04/09/2013 08:11 EDT | Updated 06/09/2013 05:12 EDT

Four Fun and Effective Interval Training Workouts

A client suggested to me that my blogs are too serious -- not "fun" enough. I happen to think my blogs are full of fun information. That said, I am often told that my understanding of fun is a little bit screwy. So, I guess I am willing to admit that what I consider to be "fun" topics could be a little "off." Anyway, I know my client wasn't trying to be mean. In fact, I think she was trying to pay me a compliment. She said that hanging out with me during our training sessions is fun, but my fun personality doesn't come through in my blogs. She suggested that once in a while I should blog about more lighthearted topics.

So, this blog is my attempt at being lighthearted (I am not sure how good I will be at it, but hopefully I will get points for trying). I put my slightly more serious blog on hold and I am dedicating this blog to two really fun topics!

1. My favorite interval workouts! (Interval workouts are what I consider fun!)

2. Using interval workouts to train for a spring or summer running race!

So, let's get on with it! My favorite Interval workouts! (With this many exclamation points, how could anyone not be having a good time?)

I usually do these interval workouts while running or cycling, but you can also use any cardio machine you like. To avoid getting bored, try mixing up the machine you use. One day do intervals on the rower. Another day try the bike, treadmill or elliptical. You could even do the intervals outside while you swim or roller blade!

Workout #1 - Easy Pick-ups

Warm-up for five minutes. Do 10 minutes at your regular speed (and regular level if you are on a machine like the elliptical that has levels). Then, cycle through the following pattern for 10 minutes: alternate 30 seconds at regular speed, 20 seconds slightly faster and 10 seconds fast. Finish with five to 15 minutes of cardio at your regular speed and level. Cool down for five minutes.

Workout # 2 - Pyramid Intervals

Warm-up for five minutes. Do one minute hard. One minute easy. Two minutes hard. Two minutes moderate. Three minutes hard. Three minutes moderate. Four minutes hard. Four minutes moderate. Five minutes hard. One minute easy. Five minutes hard. Cool down for five to 10 minutes.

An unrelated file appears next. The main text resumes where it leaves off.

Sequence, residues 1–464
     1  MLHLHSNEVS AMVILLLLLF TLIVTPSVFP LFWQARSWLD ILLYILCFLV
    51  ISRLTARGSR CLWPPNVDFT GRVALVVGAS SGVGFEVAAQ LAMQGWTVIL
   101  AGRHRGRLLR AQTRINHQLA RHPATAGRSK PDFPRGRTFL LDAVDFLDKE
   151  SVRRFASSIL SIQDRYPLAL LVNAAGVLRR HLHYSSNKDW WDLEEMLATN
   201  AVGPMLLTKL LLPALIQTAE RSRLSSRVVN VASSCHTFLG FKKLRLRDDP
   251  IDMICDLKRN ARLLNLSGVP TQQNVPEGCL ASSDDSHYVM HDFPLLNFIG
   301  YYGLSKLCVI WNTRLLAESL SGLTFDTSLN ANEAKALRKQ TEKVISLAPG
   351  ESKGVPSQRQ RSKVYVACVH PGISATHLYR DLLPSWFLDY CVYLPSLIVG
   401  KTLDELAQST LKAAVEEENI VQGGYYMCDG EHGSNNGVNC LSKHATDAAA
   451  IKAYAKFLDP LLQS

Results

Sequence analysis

Workout # 3 - Mini pick-ups

Warm-up for five minutes. Do five minutes at regular speed. Alternate 15 seconds hard with 45 seconds moderate for 10 minutes. Recover for two minutes. Then, repeat the intervals by alternating 15 seconds hard with 45 seconds at regular speed. Cool down for five to eight minutes.

Workout # 4 - "Brick" Workout

A 'brick' workout is where you do two different activities back to back with no rest. As a triathlete I do brick workouts that combine swimming and biking or biking and running. You can use any piece of equipment. For example, use the rower and then the treadmill.

The workout:

Brick Part 1: 20 minutes on any piece of equipment. Warm-up for five minutes. Do 10 minutes at the hardest intensity you can hold for the entire 10 minutes. Finish with five minutes of moderate intensity cardio.

Brick Part 2: As soon as you finish the above workout, start your second activity. Do five minutes of moderate work. Then, do 10 minutes at the hardest intensity you can hold for the entire 10 minutes. Finish with five minutes of light cardio to cool down.

Train For a Race!

Sign up for an upcoming running race. Having an established (and pre-paid) goal can help you stay motivated, and the training can actually be lots of fun. Train with a friend and/or use the race as an excuse to explore different neighborhoods.

I am currently in planning mode -- scheduling races for both my clients and myself. I find signing up for a race extremely motivating. I like having a goal to work towards. If I am signed up for a race I am much less likely to skip a workout. I don't want it to be race day and for me not to be able to complete the distance. Crossing the finish line creates feelings of exhilaration, empowerment and catharsis. I highly recommend trying it.

To use the above interval workouts as part of your training routine, first pick the distance you want to complete. Then pick the date and location of the race so you can plan your training program appropriately. Let's say you want to complete a 10km race. Plan to train three times per week. Once a week do a long run that progressively increases in distance. Your long run should start at about 6km and work up to 10km. Your second weekly run should be an easy 5km run. Your third weekly run should be one of the interval workouts outlined above. It should be between 4km and 8km.

Lastly, don't forget to have fun! The world is your interval-fitness oyster!

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